20 Awesomely Untranslatable Words

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Re: 20 Awesomely Untranslatable Words

#61  Postby Regina » Nov 05, 2011 9:40 pm

OlivierK wrote:
Tim Danaher wrote:Oh, and there's also 'gelayouted' in German. My design students' eyes would fill up with tears when I'd correct them when they used 'layouted' in English and then would go on to explain that 'to lay out' is a fully declined separable verb in Eng. Gram.

I hope after their lesson they at least progressed to "outgelayed" :grin:

The problem is that they should know from their nine years of English at school. Future students start even earlier, in primary school.
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Re: 20 Awesomely Untranslatable Words

#62  Postby OlivierK » Nov 06, 2011 1:11 am

Indeed, but there's a certain charm to the German way of putting separable verbs into the past tense. Thirty years after learning it in high school German classes, people I know still occasionally apply it to English verbs, especially - for some reason - "offgebuggered" instead of "buggered off".
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Re: 20 Awesomely Untranslatable Words

#63  Postby Clive Durdle » Nov 06, 2011 8:42 am

Cavagan youvago spevageak uvaguv?
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Re: 20 Awesomely Untranslatable Words

#64  Postby Scot Dutchy » Nov 06, 2011 10:37 am

Blackadder wrote:One of my Dutch colleagues once described someone as a "mierenneuker". It means literally "antfucker" and describes someone who frets and fusses over completely insignificant and minor details. I guess "nitpicker" is the nearest English equivalent but it doesn't convey the contempt and uselessness of the Dutch description.

There is a Hindi word which is "lifungga". It cannot be translated directly into English but it is a combination of rascal, rogue, chav, ill-mannered wastrel and general undesirable.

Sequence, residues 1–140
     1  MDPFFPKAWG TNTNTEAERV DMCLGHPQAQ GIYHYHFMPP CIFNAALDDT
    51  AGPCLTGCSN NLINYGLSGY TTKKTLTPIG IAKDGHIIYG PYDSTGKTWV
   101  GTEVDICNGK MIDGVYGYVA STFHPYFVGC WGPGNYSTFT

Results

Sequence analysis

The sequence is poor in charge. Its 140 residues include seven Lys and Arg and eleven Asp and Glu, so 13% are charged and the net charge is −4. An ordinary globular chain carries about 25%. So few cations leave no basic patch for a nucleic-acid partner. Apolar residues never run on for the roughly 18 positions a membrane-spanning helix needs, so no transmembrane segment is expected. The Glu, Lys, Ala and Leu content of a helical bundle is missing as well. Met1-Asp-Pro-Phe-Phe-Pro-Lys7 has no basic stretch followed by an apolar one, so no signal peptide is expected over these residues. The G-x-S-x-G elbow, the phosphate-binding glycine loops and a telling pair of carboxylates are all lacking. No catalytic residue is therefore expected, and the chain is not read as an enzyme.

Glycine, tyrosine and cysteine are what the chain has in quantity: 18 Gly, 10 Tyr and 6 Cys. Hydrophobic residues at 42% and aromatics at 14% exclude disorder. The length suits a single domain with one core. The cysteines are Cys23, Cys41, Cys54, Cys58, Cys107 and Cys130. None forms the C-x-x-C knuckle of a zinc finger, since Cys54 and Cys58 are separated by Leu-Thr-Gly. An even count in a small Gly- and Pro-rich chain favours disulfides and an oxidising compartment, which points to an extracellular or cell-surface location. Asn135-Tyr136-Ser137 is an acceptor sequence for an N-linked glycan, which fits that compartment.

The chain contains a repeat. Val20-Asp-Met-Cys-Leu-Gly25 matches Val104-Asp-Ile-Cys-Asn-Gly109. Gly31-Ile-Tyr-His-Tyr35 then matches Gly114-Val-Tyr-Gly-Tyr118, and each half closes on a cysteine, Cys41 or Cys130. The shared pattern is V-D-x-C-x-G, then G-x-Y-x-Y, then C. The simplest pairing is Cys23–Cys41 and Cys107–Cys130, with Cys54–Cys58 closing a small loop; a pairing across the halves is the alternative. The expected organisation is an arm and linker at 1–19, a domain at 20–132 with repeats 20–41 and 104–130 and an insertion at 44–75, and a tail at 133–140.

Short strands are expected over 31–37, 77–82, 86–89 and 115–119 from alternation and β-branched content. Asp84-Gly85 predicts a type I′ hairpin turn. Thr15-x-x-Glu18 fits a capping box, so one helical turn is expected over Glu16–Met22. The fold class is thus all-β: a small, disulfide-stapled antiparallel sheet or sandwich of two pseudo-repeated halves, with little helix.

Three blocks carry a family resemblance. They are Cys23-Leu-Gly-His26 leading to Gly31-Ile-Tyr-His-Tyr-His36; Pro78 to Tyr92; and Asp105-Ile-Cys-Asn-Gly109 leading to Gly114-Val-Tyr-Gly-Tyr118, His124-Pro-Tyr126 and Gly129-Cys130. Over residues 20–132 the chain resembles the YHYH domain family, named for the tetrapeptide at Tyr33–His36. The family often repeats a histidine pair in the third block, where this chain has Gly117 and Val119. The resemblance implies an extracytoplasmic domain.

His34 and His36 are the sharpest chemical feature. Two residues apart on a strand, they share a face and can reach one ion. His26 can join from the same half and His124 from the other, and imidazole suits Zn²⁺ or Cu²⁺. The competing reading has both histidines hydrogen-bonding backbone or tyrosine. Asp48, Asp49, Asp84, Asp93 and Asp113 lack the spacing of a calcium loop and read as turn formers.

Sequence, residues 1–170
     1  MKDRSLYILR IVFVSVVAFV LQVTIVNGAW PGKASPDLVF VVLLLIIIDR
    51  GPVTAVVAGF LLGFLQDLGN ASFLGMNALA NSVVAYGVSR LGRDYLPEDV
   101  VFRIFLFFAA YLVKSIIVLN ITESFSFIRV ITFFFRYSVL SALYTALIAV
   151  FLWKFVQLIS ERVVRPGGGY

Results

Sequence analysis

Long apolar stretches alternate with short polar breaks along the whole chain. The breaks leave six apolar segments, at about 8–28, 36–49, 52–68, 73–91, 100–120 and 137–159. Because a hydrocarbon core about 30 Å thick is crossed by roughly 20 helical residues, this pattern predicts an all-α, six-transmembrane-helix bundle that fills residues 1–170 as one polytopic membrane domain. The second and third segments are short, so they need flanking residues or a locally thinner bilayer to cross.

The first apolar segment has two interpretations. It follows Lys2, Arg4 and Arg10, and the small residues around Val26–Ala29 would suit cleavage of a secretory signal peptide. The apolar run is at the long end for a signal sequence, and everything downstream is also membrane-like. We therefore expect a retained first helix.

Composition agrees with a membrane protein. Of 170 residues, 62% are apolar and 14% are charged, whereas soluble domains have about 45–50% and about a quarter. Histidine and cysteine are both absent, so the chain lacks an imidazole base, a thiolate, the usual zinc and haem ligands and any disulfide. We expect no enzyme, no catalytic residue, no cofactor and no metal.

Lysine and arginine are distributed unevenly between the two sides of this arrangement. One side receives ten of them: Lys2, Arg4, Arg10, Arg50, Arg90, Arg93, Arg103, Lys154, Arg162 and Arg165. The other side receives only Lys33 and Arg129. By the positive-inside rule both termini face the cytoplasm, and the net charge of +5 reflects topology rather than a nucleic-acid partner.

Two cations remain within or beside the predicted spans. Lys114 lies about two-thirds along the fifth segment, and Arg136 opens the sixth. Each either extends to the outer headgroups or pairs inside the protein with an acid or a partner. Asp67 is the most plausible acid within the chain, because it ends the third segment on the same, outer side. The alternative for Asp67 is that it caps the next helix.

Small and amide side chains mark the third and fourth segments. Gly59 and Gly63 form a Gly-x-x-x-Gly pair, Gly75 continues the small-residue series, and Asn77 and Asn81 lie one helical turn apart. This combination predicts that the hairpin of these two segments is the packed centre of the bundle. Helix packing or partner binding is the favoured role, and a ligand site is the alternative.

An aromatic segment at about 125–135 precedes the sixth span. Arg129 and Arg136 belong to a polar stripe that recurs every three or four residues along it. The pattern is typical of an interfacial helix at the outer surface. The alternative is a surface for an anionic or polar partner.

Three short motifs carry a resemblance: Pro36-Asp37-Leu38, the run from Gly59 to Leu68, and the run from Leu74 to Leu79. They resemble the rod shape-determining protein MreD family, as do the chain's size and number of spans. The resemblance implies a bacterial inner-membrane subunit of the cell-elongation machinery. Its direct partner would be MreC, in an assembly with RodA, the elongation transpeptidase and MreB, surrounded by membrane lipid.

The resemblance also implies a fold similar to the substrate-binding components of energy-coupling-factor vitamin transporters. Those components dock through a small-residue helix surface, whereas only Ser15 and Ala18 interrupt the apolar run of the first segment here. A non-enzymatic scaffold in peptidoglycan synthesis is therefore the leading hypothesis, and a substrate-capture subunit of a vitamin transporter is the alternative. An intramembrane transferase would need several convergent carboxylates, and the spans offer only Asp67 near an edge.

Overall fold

Yes mierenneuker is a lovely turn of phrase. Very very insulting.
Plenty of English is entering into the Dutch language. There are plenty of Dutch words they can use but no English is more cool.
Except strangely not in the computer world. All terms are still in Dutch and to use English terms is a :nono:
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Re: 20 Awesomely Untranslatable Words

#65  Postby Zwaarddijk » Nov 06, 2011 4:39 pm

Scot Dutchy wrote:
Blackadder wrote:One of my Dutch colleagues once described someone as a "mierenneuker". It means literally "antfucker" and describes someone who frets and fusses over completely insignificant and minor details. I guess "nitpicker" is the nearest English equivalent but it doesn't convey the contempt and uselessness of the Dutch description.

There is a Hindi word which is "lifungga". It cannot be translated directly into English but it is a combination of rascal, rogue, chav, ill-mannered wastrel and general undesirable.


Yes mierenneuker is a lovely turn of phrase. Very very insulting.
Plenty of English is entering into the Dutch language. There are plenty of Dutch words they can use but no English is more cool.
Except strangely not in the computer world. All terms are still in Dutch and to use English terms is a :nono:

How did this work out in Dutch, say, 200 years ago? I've read some Swedish letters from that time, and the amount of French in them is staggering, and at times well-nigh impenetrable to someone that doesn't know French (I don't). Yet nearly all of that has fallen out of use. Language always has its fashions, and there's no real reason why one route or the other is preferable.
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Re: 20 Awesomely Untranslatable Words

#66  Postby Scot Dutchy » Nov 06, 2011 5:22 pm

Zwaarddijk wrote:
Scot Dutchy wrote:
Blackadder wrote:One of my Dutch colleagues once described someone as a "mierenneuker". It means literally "antfucker" and describes someone who frets and fusses over completely insignificant and minor details. I guess "nitpicker" is the nearest English equivalent but it doesn't convey the contempt and uselessness of the Dutch description.

There is a Hindi word which is "lifungga". It cannot be translated directly into English but it is a combination of rascal, rogue, chav, ill-mannered wastrel and general undesirable.


Yes mierenneuker is a lovely turn of phrase. Very very insulting.
Plenty of English is entering into the Dutch language. There are plenty of Dutch words they can use but no English is more cool.
Except strangely not in the computer world. All terms are still in Dutch and to use English terms is a :nono:

How did this work out in Dutch, say, 200 years ago? I've read some Swedish letters from that time, and the amount of French in them is staggering, and at times well-nigh impenetrable to someone that doesn't know French (I don't). Yet nearly all of that has fallen out of use. Language always has its fashions, and there's no real reason why one route or the other is preferable.